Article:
Researchers from the University of Wisconsin have shed some important light on this link between asthma and the brain. In research published in the Proceedings of the National Academy of Sciences. In the study, six patients with mild asthma were exposed to ragweed or dust-mite extracts. The subjects were shown three different categories of words: asthma-related (e.g., "wheeze"), non-asthma negative ("loneliness") or neutral ("curtains").
Using functional magnetic resonance imaging, they showed that activity in two regions, known as the anterior cingulate cortex and the insula showed increased activity when the asthma-related words were heard compared with the other types. What is more, this enhanced activity was specifically linked to physiologic signals from the ragweed and dust-mite extracts. So being exposed to asthma-relevant emotional stimuli is associated with markers of inflammation and airway obstruction in asthmatic people exposed to an asthma-producing antigen.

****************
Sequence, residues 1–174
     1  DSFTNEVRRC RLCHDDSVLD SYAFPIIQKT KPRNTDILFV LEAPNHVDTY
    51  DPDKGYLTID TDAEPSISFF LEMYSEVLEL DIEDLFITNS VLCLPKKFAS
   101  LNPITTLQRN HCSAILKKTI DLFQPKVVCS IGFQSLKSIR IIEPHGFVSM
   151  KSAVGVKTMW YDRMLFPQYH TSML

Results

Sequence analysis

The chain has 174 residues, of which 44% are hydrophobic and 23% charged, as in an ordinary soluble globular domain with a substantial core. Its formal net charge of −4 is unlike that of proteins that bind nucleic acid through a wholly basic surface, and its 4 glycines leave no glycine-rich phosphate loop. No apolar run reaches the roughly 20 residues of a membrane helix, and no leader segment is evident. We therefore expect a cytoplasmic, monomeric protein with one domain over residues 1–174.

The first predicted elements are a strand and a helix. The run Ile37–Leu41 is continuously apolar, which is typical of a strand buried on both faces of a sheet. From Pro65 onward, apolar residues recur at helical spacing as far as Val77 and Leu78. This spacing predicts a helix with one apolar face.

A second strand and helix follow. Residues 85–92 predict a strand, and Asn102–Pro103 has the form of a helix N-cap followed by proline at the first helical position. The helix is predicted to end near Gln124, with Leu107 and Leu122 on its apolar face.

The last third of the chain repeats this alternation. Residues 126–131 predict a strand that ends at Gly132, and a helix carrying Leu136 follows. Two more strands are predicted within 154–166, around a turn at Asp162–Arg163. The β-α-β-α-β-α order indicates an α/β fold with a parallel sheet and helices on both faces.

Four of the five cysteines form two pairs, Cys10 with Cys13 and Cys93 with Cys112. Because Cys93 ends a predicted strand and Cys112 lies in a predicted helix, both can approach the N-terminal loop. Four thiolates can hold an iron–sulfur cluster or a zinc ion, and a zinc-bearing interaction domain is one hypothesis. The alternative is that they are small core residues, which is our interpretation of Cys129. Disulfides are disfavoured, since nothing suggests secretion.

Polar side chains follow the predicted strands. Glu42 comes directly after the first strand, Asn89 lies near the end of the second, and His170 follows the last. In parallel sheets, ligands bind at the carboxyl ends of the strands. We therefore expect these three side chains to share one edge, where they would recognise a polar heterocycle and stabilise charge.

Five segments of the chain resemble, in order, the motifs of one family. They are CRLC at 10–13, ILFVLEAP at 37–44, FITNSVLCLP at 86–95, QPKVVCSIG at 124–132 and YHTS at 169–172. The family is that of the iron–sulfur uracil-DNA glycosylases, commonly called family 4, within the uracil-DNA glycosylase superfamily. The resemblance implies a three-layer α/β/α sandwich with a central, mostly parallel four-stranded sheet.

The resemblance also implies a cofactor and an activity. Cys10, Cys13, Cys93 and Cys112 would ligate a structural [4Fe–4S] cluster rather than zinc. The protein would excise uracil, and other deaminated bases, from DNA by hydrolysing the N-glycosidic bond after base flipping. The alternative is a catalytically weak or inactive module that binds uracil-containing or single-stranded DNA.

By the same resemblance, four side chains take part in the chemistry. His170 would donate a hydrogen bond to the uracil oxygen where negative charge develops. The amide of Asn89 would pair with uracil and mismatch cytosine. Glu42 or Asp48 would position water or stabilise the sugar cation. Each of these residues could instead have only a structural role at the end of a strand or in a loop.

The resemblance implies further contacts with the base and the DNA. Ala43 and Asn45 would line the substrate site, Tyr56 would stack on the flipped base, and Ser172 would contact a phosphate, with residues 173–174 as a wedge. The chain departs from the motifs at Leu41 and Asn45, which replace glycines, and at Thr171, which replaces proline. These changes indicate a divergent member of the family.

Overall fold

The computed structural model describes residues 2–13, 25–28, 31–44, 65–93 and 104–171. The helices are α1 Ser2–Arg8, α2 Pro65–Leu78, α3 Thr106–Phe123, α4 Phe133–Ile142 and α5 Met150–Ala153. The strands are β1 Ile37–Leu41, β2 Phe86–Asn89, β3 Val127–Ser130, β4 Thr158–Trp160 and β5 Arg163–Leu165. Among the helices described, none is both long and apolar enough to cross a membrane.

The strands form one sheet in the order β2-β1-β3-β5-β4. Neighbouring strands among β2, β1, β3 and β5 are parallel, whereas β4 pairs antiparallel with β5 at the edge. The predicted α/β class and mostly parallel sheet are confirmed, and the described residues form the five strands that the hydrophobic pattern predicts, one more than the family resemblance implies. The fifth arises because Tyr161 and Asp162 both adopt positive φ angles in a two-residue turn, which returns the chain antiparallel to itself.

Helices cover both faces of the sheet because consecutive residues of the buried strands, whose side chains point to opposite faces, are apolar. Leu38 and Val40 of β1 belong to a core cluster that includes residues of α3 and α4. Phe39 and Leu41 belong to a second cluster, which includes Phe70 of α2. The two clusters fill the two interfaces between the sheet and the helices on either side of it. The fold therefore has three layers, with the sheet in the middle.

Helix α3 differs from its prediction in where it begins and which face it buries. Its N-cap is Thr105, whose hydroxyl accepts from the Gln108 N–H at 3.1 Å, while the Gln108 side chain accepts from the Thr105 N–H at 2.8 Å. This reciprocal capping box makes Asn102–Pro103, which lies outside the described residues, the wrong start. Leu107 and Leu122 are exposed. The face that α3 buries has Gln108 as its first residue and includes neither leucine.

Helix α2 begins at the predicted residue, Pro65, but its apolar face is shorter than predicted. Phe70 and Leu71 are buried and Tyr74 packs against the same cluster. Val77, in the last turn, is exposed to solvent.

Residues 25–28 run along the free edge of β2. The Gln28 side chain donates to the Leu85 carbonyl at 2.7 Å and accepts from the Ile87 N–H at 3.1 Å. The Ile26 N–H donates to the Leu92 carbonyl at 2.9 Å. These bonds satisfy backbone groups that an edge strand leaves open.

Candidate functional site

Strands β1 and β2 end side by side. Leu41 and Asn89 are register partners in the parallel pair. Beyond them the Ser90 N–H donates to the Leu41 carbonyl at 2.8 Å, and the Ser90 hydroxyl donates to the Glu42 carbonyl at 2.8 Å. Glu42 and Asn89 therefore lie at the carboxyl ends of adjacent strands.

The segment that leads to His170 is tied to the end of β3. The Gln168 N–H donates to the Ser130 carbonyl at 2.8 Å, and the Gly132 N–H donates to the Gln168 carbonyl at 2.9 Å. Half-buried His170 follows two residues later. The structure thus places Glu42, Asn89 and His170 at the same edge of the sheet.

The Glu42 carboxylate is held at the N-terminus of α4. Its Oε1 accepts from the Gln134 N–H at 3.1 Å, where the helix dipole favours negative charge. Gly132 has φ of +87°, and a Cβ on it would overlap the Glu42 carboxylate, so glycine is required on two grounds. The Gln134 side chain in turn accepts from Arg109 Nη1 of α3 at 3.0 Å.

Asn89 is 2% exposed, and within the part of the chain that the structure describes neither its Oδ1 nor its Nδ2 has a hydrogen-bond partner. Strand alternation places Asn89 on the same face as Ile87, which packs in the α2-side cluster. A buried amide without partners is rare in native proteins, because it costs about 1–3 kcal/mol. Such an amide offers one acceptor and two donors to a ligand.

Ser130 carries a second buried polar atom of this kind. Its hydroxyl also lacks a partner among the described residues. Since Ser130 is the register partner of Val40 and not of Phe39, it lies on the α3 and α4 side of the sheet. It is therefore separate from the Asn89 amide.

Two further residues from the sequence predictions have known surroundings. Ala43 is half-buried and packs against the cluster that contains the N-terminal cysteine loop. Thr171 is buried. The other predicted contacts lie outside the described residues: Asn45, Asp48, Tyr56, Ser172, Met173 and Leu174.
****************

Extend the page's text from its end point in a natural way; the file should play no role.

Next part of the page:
In people with asthma and other stress-related conditions, these brain regions may be hyper-responsive to disease-specific emotional and physiologic signals. Taken together, these could contribute to problems that worsen the asthma, such as inflammation.
And one of the ways of making these regions of the brain hyper-responsive? Bathe them in estrogen.
That still does not explain why pregnancy and the oral contraceptive makes some women’s asthma better, and does the opposite in others. But it may just have to do with the “set point” of the cells in these regions of the brain. In the same way that we might set the thermostat in out house. An already hyper-responsive brain might be normalized and an under-active one stimulated to be over-active.
We need to do some more experiments, but these are a great start.
If you ever wheeze, have a look to see if there are stressors or hormonal events that trigger you. Whether you are being treated with homeopathy, herbals or conventional therapy, knowing when to expect trouble gives you the power to adapt you treatment when you are entering a risky time in your life.
The symptoms of Parkinson’s disease have been reported throughout history, but it was first described in the modern era by the great Scottish neurologist James Parkinson in 1817. Even after all these years, we still do not know all that much about what causes it. There’s an interesting study in the August issue of the journal Neurology, which is the official publication of the American Academy of Neurology.